Belgian shepherd sniffing

Scent work for dogs

Dogs use their nose for so much and it is a skill that comes very naturally to them. Scent work not only mentally stimulates your dog but also enhances their natural ability to sniff things out, all while having fun!

Scent work with food treats

If your dog is food motivated, there are many games you can play with them to keep their minds busy and active. 

Snuffle mat

We have some great advice on how to make your own snuffle mat, which is a fun way to encourage your dog to solve a puzzle using their impressive sense of smell.

Find it!

This is great fun for your dog and entertaining for the family too, watching your dog unearth all of the hidden treats! 

  • Show your dog that you have a piece of food/treat in your hand
  • Say ‘find it!’ and then throw the piece of food/treat across the floor
  • When your dog finds the piece of food, say a clear ‘yes!’ so they know they’ve followed through on the action that you wanted from them

If you’d like to challenge your dog further, you can make the ‘find it’ game more advanced by telling your dog to stay while you hide the treat/s behind pieces of furniture. You can also place your dog in a room, hide all of the treats in a different room and then open the door for your dog and say ‘find it’.

Scatter games

You can also make your dog’s meals more interesting by scattering the entire contents of their food in the garden. Keep it interesting by mixing it up with a bit of cheese sprinkled here and there for extra reward when using their nose.

Scent work with toys

Some dogs are motivated by toys and there are many fun ways that you can get them to find their toys using their sense of smell.

Fetch with a twist

We all know how fetch works; you throw the ball and your dog runs after it to collect and bring it back to you. We’ve all seen this in action, but you may have noticed that when the ball lands and your dog loses sight of it, they usually put their nose to the ground to try and find it. If your dog does this, then you have a dog that is toy-orientated.

How to play

To harness your dog’s drive to find their ball, you can:

  • ask them to sit and stay (if they are able to) or clip them on their lead
  • while they are sat/on lead, throw the ball and wait for it to land
  • release your dog from their sit/lead and ask them to ‘find it!’
  • reward and praise them heavily when they find the ball – they may not find this straight away, but give them praise when they get close to it, even if the first few times you have to point it out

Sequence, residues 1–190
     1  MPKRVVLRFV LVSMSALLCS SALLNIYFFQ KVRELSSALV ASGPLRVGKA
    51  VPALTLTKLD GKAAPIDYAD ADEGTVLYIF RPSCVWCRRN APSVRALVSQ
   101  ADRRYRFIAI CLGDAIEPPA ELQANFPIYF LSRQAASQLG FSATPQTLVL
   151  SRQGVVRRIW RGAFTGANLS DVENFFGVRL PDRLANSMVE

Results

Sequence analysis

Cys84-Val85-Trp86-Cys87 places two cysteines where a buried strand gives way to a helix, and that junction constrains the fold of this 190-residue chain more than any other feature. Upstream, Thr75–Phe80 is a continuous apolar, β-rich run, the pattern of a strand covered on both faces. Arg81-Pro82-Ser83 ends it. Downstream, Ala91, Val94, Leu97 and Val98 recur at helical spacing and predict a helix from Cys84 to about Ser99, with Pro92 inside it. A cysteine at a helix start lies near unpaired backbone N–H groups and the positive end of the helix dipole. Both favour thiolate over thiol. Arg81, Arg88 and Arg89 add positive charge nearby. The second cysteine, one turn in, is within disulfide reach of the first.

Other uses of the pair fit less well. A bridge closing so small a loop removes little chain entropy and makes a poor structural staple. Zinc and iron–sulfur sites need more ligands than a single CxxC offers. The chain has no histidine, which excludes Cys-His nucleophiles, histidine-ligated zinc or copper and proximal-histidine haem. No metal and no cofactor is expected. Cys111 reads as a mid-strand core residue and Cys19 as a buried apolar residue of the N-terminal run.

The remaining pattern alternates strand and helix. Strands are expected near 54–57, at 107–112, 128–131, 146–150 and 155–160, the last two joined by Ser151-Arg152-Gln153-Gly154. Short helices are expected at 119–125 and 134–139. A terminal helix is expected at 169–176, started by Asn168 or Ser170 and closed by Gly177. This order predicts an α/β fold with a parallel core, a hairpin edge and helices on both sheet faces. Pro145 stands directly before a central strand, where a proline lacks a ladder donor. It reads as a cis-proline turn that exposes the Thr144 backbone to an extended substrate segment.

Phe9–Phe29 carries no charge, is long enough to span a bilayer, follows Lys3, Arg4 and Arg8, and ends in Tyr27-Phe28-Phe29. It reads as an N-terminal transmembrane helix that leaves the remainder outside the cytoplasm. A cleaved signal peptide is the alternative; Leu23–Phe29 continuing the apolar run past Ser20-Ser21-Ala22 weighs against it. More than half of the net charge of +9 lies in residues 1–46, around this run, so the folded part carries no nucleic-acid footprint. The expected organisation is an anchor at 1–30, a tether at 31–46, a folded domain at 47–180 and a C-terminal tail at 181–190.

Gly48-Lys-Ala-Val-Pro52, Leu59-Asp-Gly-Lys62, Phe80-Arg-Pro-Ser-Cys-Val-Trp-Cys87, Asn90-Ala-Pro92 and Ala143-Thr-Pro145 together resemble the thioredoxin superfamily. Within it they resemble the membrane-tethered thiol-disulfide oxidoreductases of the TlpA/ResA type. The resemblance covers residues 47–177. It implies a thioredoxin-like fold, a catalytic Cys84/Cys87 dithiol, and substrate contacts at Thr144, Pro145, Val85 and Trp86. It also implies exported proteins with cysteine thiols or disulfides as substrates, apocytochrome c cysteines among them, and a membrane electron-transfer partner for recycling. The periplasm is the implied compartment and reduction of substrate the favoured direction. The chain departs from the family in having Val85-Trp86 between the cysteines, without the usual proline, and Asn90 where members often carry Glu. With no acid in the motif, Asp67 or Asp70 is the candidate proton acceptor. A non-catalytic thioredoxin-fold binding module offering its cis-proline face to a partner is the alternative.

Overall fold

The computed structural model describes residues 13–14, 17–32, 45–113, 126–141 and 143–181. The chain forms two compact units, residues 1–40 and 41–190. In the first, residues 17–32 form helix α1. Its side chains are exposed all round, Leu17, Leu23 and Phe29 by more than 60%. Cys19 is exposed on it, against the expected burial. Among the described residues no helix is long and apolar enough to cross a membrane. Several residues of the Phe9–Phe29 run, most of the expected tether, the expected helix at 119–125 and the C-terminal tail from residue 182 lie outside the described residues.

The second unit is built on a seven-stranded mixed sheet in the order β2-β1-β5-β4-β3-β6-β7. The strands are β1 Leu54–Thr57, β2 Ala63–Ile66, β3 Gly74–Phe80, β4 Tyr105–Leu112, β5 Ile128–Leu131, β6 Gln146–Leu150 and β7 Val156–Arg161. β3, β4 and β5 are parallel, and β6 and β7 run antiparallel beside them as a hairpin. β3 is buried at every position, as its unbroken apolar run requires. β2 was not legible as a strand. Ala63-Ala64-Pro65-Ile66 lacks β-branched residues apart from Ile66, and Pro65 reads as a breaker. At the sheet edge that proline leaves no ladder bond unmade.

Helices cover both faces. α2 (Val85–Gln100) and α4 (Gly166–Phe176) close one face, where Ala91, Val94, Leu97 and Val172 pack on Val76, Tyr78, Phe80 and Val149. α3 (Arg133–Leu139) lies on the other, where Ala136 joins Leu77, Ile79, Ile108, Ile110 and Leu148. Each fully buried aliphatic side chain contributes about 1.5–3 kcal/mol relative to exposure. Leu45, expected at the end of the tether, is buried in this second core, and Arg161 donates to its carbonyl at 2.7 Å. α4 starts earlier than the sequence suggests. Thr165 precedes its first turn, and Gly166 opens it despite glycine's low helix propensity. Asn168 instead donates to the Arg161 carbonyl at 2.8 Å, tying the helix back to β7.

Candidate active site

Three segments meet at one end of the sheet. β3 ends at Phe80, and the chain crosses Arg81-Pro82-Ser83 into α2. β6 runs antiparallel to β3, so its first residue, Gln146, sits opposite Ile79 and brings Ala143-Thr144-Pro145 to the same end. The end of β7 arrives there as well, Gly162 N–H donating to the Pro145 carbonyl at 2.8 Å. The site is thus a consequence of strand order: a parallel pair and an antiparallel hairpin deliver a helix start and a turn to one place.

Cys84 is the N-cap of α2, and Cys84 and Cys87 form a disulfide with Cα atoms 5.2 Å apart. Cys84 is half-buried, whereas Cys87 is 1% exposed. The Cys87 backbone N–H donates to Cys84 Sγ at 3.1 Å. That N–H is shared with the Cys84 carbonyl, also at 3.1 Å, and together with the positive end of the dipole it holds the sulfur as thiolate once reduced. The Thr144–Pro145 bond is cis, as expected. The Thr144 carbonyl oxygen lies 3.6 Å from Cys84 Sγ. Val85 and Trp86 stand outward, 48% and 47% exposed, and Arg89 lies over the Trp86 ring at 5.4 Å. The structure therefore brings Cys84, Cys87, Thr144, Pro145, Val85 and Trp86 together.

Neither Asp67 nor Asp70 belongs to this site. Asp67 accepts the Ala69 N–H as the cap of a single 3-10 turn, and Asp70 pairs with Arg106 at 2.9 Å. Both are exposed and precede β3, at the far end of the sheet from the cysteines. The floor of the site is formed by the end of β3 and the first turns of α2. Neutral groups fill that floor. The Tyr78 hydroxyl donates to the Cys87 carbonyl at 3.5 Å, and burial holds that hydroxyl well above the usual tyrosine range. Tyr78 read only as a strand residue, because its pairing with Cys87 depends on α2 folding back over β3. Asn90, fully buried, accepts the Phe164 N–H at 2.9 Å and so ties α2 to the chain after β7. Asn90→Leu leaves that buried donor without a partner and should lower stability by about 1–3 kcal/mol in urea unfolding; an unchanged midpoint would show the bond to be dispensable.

These types of games are also perfect for older dogs because they provide them with the ability to play fetch at a slower pace.

Find it!

This is a nice, gentle game which involves hiding a toy and asking your dog to find it.

How to play
Belgian shepherd in garden

If your dog has a good sit and stay then you can start by asking them to do this. If your dog is too excited to sit and stay, then you can pop them on the lead and ask someone to hold them for you.

  • With your dog either sitting or on lead, you can show your dog their favourite toy and hide it in front of them, so they know where you’re putting it
  • Once you’ve hidden it somewhere that’s easy for them to get to, you can release them from their sit/lead and ask them to ‘find it!’
  • After a few attempts at this, your dog will begin to understand the game
  • Once they have grasped the idea, you can make this harder by pretending to hide the toy in one place but then moving it elsewhere so your dog starts to really use their nose to seek it out
  • As you progress, you can start hiding a toy before your dog’s walk and releasing them to find it afterwards. This can help to calm them after a long walk and is a fun game to come home to.

Name that toy

Dogs remember the look and smell of different objects which is why you can teach them the names of their toys. Starting with one of their favourite toys, you will need to give it a name. Once you have a name for that toy, you just have to say it every time you pick it up and begin play with your dog. Then, using the ‘find it!’ cue, ask your dog to find said toy and praise them for it when they bring it back. After practicing this, your dog will learn the name of that toy and you can test them by asking them to find it among their other toys.

Hide and Seek

Dogs will know their owner’s scent more than anyone else’s. The following two games, hide and seek and searching, make use of your dog's connection to you.

At home:

Your dog will use a combination of wind scenting (sniffing the air to locate you) and tracking (sniffing along the ground to follow where you have walked). You might need someone to hold your dog or wait until your dog is in another room then hide behind a door or sofa and call them. When you first start this game you may need to call your dog more than once. As soon as your dog finds you, praise and give a food treat.

Out and about:

You can play the same game in the garden or in safe areas while out for a walk. When your dog is sniffing and not watching you, crouch down in long grass or hide behind a tree and call them. Remember to be very excited when they find you.

— Page last updated 26/05/2023